The best way to sit during a meal

Recently, table and chairs have become common in Japanese houses.
Even now, however, there is still Ozashiki (you sit on floor and put all meals on a table low off the floor)

There is Ozashiki in Japanese inns, luxury Japanese restaurants, and many Japanese bars.

Even though many foreigners know how to sit on a chair; many of them may not know how to sit in Ozashiki.

However, you do not have to sit in seiza-style if you are drinking in a relaxed way with your friends in a Japanese bar.
You can sit in a way that makes you feel comfortable.

The order in which you eat is not determined

In western cuisines, it is common to begin with appetizers, and drink soup, after which the main meal will come.

Is there a reason for this?
Sometimes, we can see foreigners who drink miso soup first, even though rice, miso soup, and the main meal come on a plate all together for a set meal at lunch time.

Of course, it is fine to do so, but there is no rule under which you need to drink “soup first!” in Japan.

On the other hand, the best way is to rotate rice, miso soup, and main meals.

The taboo when using chopsticks that even some Japanese people do not know

Traditional Japanese cutlery is chopsticks.
Chopsticks are two thin sticks made of wood. Their length is about 21 – 26cm for adults.
These two sticks can be used to bring many types of food to your mouth.

For people from cultures based on fork, knife, and spoon, to eat noodles with chopsticks and to pinch a bean with chopsticks seems difficult.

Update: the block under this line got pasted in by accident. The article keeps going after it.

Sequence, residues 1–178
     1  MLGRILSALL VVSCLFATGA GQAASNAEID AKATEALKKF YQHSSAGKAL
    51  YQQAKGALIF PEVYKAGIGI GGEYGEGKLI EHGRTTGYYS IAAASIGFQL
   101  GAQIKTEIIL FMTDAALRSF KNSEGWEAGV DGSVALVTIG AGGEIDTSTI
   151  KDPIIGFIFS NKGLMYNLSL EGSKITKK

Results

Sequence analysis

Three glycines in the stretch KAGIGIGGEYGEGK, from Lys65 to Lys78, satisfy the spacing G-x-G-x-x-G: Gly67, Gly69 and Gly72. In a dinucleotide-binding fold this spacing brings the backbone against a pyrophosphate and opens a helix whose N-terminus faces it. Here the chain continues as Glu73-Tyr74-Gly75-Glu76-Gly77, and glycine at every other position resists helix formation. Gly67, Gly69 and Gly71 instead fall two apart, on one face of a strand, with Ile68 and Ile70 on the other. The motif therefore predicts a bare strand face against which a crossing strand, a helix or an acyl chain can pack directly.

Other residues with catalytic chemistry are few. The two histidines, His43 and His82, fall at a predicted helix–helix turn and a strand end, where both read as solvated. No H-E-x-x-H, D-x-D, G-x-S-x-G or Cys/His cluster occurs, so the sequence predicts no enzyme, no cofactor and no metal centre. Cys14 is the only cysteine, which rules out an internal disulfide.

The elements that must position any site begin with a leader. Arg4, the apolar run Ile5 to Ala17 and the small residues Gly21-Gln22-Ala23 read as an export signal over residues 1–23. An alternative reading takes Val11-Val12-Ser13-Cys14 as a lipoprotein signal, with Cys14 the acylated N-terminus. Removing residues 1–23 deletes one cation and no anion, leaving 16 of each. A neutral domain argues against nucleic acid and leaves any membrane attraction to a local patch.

Japanese people can use chopsticks without any trouble
For foreigners, to use chopsticks is one of the most difficult aspects of Japanese manners when eating a meal.
In order to master it, the best way is to just practice.

But, do you know there are taboos when using chopsticks?
The taboos are listed below so take care.

Taboos when using chopsticks

  1. Sticking chopsticks in the food
  2. Indicate what you want to eat next by moving the chopsticks
  3. Transfer foods from chopsticks to chopsticks
  4. Mix foods inside dishes to find the food you want to eat
  5. Pull a dish towards your seat with chopsticks
  6. Put chopsticks on small dishes or bowls
  7. Lick chopsticks
  8. Stand chopsticks up in rice
  9. Point at somebody with chopsticks
  10. Make a sound by hitting dishes with chopsticks

However, if it is really difficult to use chopsticks or you cannot enjoy a meal because you must focus on using chopsticks, you should feel free to use a fork or spoon.

A culture in which eating everything is good manners

Depending on the country, leaving some food on the plate may be good manners. In Japanese culture, however, it is good manners to finish everything up.
But, it is not necessary to eat everything if it is so hard.

If you have had enough, or there is something you cannot eat, you do not need to eat any more.

The most important thing is to enjoy meals

Manners and rules for meals are different depending on the country.
If we include manners at formal occasions, you must learn a ton of things.

We have been introducing the basic manners and rules for meals in Japan here. But, the most important thing is that everybody can enjoy and feel comfortable when eating meals.
Meal time should be enjoyable and a relaxing time.
Of course, manners are important, but more than that, everybody being able to enjoy eating is the most important thing, right?